…when there are so many other types of syrup available to us these days? So asks reader Ted. And Ted, it’s a good question (even though I sense it’s loaded). When corn syrup was first produced commercially the point was to create a less expensive — and more neutral-tasting — alternative to molasses. Around the year 1900 most people used syrups, not more expensive crystal sugar, as general-purpose sweeteners. People up north used maple syrup. The Midwest favored sorghum. The rest of the population used molasses. In those days it was common to see a bowl of syrup on the kitchen table next to the salt and pepper, not a sugar bowl.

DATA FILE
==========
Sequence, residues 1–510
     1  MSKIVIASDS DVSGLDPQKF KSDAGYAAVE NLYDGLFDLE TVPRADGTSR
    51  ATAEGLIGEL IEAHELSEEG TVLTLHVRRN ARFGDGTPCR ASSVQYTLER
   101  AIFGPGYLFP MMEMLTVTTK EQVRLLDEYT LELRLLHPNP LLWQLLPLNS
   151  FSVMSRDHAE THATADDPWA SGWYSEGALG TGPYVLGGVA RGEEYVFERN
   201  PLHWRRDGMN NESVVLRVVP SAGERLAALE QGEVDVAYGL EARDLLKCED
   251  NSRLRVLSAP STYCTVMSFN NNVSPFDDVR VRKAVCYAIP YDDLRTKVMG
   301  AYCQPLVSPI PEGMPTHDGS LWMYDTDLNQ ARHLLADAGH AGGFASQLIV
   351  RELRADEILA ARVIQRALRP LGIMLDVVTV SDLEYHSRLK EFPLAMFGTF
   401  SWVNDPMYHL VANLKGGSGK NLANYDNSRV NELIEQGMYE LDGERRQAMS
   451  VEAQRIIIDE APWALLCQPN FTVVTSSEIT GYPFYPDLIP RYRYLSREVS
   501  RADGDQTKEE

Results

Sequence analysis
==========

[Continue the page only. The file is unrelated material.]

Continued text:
The trouble with molasses (and maple syrup) was that it was a.) subject to price swings and b.) had a very distinctive taste. A corn-based syrup was a good deal cheaper and also more neutral on the tongue. Corn syrup had been in existence for just shy of a century before the The Corn Products Refining Company of New York and Chicago initiated their first major sales push in 1910. The company considered their product to be purer, more versatile and generally more wholesome than molasses and many consumers agreed.
By the 30’s corn syrup had cut heavily into molasseses sales. In 1938 the company made a play for the maple syrup market and came out with a maple version. Did it taste as good? No of course not, but for people who couldn’t afford the real thing it served as a very reasonably priced alternative. Today home cooks don’t have the same need for corn syrup as our forbears did, but it’s still a very handy thing from time to time, especially if you’re trying to prevent icings and candies from over-crystallizing. And it’s not bad for pecan pie, either.
So there’s your answer, reader Ted. Hope that satisfies, thanks for the question!